Waiting for the Existential
Revolution in Europe
Jan Komárek 
Revised paper from the Conference ‘Revisiting Van Gend en Loos’, Paris 26-27 June 2013
Introduction ...................................................................................................................................... 1
1 In the Name of the ‘Return to Europe’ ....................................................................................... 4
2 Constitutional Submission ........................................................................................................... 5
3 Suppressing Social Conflicts ........................................................................................................ 8
4 European Union’s Civilizing Mission.......................................................................................... 11
5 Disenchanted Constitutionalist ................................................................................................. 15
6 Existential Revolution that Failed .............................................................................................. 16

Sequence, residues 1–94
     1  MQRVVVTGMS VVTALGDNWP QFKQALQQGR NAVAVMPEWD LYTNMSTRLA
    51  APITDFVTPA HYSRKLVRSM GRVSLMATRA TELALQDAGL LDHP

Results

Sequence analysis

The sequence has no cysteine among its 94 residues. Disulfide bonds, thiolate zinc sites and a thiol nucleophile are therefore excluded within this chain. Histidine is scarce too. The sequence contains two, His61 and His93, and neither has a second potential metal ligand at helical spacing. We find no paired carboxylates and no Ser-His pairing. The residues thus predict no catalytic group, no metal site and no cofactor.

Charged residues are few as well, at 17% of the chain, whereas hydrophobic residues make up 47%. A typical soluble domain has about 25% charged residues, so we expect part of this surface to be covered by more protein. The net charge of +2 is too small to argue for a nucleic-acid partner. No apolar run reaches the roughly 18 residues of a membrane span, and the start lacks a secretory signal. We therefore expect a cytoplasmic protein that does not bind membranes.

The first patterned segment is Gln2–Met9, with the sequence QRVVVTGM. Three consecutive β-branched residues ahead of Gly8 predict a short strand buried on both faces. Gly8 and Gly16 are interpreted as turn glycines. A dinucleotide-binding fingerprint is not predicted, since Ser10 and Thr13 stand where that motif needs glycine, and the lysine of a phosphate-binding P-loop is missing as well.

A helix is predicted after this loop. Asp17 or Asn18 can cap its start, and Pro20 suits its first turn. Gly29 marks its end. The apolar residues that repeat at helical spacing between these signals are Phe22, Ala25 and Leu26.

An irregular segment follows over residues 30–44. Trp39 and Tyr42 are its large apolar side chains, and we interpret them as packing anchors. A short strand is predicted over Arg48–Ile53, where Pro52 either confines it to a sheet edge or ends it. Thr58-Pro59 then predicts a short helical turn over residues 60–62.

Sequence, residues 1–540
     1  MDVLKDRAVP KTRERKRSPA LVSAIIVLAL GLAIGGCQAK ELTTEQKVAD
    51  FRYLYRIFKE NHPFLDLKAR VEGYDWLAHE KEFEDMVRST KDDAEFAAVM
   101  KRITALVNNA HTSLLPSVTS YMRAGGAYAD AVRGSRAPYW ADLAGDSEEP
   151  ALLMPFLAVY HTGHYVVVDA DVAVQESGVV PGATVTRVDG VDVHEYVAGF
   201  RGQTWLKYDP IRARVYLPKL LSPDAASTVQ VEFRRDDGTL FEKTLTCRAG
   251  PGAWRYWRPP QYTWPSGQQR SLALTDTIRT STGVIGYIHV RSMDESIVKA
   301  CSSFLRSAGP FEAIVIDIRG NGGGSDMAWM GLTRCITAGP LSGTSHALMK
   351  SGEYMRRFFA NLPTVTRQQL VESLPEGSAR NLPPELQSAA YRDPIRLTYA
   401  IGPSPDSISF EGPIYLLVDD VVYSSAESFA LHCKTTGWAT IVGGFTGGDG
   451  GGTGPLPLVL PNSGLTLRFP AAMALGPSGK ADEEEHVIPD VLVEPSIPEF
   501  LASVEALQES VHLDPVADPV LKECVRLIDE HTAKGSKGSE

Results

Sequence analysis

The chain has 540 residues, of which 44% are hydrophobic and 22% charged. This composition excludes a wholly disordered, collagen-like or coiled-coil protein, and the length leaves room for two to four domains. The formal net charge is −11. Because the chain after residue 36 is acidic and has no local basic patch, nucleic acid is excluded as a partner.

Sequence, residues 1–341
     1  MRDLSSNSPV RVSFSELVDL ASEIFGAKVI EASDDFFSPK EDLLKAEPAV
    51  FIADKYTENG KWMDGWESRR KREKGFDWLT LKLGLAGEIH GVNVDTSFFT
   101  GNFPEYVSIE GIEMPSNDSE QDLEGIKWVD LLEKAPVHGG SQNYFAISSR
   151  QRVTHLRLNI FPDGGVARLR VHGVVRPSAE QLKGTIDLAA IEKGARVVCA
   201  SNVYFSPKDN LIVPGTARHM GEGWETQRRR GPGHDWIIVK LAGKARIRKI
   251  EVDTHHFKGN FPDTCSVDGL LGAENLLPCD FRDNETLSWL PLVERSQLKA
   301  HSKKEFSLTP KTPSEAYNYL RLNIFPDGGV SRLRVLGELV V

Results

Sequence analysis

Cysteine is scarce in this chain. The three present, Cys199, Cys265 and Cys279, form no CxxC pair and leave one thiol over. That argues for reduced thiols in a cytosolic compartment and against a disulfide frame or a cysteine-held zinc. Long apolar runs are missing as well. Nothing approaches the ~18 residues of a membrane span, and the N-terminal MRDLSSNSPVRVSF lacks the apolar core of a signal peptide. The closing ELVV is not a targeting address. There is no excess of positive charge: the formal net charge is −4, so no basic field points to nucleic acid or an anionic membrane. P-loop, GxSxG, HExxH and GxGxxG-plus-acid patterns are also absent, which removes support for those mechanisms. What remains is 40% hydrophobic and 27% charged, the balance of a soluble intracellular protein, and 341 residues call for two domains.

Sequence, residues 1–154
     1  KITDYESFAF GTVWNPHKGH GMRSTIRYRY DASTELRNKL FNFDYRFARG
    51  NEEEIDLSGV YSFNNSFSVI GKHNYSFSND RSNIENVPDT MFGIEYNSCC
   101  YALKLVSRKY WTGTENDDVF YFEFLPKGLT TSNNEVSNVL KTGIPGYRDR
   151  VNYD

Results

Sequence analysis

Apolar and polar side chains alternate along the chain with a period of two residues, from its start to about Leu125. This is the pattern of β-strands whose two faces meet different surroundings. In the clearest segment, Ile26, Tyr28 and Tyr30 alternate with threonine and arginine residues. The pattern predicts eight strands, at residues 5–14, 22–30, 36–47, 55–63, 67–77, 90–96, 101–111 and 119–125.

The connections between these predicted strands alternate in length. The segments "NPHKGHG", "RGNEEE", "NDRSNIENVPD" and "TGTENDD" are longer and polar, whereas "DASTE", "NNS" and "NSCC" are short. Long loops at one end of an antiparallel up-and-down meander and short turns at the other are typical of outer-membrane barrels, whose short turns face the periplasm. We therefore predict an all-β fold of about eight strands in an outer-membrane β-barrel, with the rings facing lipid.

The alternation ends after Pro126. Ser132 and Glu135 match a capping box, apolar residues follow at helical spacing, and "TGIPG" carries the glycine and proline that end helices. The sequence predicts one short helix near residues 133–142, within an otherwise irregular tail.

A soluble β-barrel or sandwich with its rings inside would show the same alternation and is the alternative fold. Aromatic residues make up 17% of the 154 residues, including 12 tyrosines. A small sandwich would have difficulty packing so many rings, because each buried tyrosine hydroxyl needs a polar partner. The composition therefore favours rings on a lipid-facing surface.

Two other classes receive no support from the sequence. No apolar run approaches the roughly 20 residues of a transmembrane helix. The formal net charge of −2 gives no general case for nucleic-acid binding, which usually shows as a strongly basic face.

7 The Hope for Europe? ............................................................................................................... 18
Coda: Reclaiming the Communist Past for Europe’s Future ........................................................... 20
Central Europe ‘could approach a rich Western Europe not as a poor
dissident or a helpless, amnestied prisoner, but as someone who also brings
something with him: namely spiritual and moral incentives, bold peace
initiatives, untapped creative potential, the ethos of freshly gained freedom,
and the inspiration for brave and swift solutions’.
Václav Havel, 21 January 19901
Contrary to what Václav Havel hoped in 1990, a belief that there was nothing to learn from
post-communist countries prevailed in the West.2 The French historian François Furet put it
bluntly: ‘With all the fuss and noise, not a single new idea has come out of Eastern Europe in
Lecturer in EU law, European Institute and Department of Law, London School of Economics and Political
Science. [email protected] I am indebted to all participants at the conference entitled ‘Revisiting Van Gend
en Loos’, Paris 26-27 June 2013, who provided helpful comments on and criticisms of the previous version of
this paper. I would also like to thank Marco Dani, Floris de Witte, Alexander Somek, and Matej Avbelj for their